The Sadducees party was composed primarily of wealthy, sophisticated Jews who made the business of the temple their primary interest in life. Though small in number, they were very influential. Because they accepted only the Pentateuch as authoritative, they rejected the rabbinic oral tradition, which was more open to the possibility of resurrection from the dead.
Paul goes on to explain to them how the resurrection is foreshadowed even in the Pentateuch. God revealed himself to Moses as the God of his ancestors (Exodus 3:6,15-16), not just the God of those who were alive at the time. So if he is the God of the living, then Abraham and all those who came before must be alive in some way. One can deduce from this that there must be an afterlife.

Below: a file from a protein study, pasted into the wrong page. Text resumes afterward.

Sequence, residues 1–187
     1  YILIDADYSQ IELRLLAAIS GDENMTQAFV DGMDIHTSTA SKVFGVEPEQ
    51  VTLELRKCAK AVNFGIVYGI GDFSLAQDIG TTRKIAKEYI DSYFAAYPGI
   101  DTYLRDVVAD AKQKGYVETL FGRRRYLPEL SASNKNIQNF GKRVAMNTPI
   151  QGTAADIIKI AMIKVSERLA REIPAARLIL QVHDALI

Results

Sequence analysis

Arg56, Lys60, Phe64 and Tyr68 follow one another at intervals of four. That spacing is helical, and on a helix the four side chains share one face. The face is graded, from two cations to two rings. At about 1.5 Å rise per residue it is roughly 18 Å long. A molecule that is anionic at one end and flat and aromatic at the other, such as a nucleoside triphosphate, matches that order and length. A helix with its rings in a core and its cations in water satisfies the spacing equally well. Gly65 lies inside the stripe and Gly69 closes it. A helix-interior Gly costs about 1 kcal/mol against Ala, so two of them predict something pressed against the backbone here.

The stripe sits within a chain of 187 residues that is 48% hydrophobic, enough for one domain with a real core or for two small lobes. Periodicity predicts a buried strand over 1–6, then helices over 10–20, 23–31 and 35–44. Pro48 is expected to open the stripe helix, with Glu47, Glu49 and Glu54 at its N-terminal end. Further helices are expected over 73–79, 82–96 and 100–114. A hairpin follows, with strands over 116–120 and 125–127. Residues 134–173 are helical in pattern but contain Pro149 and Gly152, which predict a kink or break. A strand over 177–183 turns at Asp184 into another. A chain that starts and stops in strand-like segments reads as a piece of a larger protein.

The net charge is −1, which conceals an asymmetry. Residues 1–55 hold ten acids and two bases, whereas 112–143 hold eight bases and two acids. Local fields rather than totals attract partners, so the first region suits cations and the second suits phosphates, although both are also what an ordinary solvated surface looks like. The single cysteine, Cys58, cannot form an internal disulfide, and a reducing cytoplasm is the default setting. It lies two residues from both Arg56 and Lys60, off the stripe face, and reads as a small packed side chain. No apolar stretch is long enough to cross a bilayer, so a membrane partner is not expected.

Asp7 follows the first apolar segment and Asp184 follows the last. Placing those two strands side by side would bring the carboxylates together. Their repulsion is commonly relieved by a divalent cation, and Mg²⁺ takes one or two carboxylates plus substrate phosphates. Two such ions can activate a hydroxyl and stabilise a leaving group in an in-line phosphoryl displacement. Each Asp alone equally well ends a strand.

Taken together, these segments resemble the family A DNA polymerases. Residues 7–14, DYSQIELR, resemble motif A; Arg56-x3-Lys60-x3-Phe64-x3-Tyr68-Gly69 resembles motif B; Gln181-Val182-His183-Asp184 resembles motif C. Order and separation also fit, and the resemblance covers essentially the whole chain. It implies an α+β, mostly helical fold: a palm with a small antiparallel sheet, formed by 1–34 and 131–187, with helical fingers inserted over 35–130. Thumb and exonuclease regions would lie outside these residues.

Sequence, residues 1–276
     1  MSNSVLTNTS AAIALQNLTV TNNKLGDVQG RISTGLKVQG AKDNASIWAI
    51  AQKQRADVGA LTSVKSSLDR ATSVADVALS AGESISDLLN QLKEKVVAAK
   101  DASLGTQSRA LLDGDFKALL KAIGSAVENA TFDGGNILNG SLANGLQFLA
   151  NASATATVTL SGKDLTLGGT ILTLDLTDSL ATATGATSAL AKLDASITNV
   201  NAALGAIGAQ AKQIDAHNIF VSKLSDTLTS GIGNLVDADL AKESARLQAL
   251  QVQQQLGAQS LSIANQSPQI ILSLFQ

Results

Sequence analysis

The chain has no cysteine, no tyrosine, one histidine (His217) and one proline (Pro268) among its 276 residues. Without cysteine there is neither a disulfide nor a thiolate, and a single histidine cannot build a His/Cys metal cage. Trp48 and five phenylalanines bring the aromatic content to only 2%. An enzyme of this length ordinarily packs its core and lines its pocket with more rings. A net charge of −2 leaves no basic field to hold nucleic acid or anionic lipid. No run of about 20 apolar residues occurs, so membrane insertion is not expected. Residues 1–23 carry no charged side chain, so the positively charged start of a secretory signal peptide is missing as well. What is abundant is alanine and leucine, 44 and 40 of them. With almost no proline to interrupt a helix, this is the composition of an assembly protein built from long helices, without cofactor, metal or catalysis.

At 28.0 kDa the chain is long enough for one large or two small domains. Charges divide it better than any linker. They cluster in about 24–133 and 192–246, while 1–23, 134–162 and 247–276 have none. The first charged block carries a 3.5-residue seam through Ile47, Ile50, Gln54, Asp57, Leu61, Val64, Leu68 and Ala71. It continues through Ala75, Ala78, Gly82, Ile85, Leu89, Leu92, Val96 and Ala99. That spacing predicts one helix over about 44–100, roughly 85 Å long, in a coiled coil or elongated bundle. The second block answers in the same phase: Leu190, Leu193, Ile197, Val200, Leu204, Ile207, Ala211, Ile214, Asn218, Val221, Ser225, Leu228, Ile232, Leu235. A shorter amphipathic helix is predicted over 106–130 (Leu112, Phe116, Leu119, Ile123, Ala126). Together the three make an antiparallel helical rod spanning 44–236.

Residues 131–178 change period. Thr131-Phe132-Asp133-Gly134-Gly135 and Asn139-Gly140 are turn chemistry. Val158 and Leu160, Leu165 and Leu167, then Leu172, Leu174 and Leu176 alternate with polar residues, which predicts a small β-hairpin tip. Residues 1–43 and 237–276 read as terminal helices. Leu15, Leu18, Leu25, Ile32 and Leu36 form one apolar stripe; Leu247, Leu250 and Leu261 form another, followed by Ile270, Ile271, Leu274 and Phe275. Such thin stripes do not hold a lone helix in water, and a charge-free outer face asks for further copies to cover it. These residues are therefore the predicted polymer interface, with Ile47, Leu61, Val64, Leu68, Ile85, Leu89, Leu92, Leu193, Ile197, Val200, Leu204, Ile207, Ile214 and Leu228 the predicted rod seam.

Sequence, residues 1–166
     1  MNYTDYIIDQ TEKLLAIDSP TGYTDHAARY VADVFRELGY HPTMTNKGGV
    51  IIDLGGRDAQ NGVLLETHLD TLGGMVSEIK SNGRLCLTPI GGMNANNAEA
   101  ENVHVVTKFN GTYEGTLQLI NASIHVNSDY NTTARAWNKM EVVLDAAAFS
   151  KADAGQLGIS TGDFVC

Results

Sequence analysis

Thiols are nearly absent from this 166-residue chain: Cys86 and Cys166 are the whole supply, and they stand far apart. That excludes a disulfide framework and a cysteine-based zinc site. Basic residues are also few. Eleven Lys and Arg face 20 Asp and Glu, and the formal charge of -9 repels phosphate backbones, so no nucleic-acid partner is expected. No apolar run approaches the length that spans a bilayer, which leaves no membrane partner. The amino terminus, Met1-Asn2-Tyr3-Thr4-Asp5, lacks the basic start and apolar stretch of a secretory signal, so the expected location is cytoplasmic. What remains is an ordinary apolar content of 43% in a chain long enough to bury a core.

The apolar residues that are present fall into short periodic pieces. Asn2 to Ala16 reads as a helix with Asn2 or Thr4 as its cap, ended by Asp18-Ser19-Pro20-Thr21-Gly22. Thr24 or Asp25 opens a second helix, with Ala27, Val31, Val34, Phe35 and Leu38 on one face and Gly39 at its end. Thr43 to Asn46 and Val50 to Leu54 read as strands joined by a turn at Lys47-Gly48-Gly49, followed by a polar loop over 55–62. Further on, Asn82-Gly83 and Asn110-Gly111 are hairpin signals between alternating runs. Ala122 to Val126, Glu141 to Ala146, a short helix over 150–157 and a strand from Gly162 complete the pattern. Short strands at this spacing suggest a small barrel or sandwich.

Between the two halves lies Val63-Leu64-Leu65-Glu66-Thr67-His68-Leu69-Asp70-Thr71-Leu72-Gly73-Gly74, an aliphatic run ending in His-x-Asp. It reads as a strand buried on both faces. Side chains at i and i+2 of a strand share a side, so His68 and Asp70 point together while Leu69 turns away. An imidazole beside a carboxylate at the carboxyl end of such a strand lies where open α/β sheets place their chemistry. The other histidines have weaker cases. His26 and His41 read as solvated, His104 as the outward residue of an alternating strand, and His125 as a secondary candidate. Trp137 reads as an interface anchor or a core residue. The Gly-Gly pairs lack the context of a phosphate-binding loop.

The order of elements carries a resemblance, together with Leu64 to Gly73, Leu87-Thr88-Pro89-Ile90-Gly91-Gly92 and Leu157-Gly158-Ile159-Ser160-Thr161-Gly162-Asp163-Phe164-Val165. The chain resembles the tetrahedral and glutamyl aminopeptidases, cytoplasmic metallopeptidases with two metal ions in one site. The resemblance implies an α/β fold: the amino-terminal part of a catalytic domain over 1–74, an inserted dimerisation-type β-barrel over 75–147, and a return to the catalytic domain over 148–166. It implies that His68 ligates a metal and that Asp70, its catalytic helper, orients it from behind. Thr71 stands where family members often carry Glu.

The Sadducees had created an intellectual and spiritual elitism that blinded them to the full spectrum of how God works. St. Paul wanted to show them that God is too big and his word is too expansive for anyone to believe that he or she can understand it all. Our Lord’s life and ministry showed that God often moves in ways that seem new or unexpected to us. The resurrection is our greatest hope and joy, and yet the Sadducees, with their limited view of God and his word, risked missing this wonderful promise. May we never be like the Sadducees and narrow our horizons.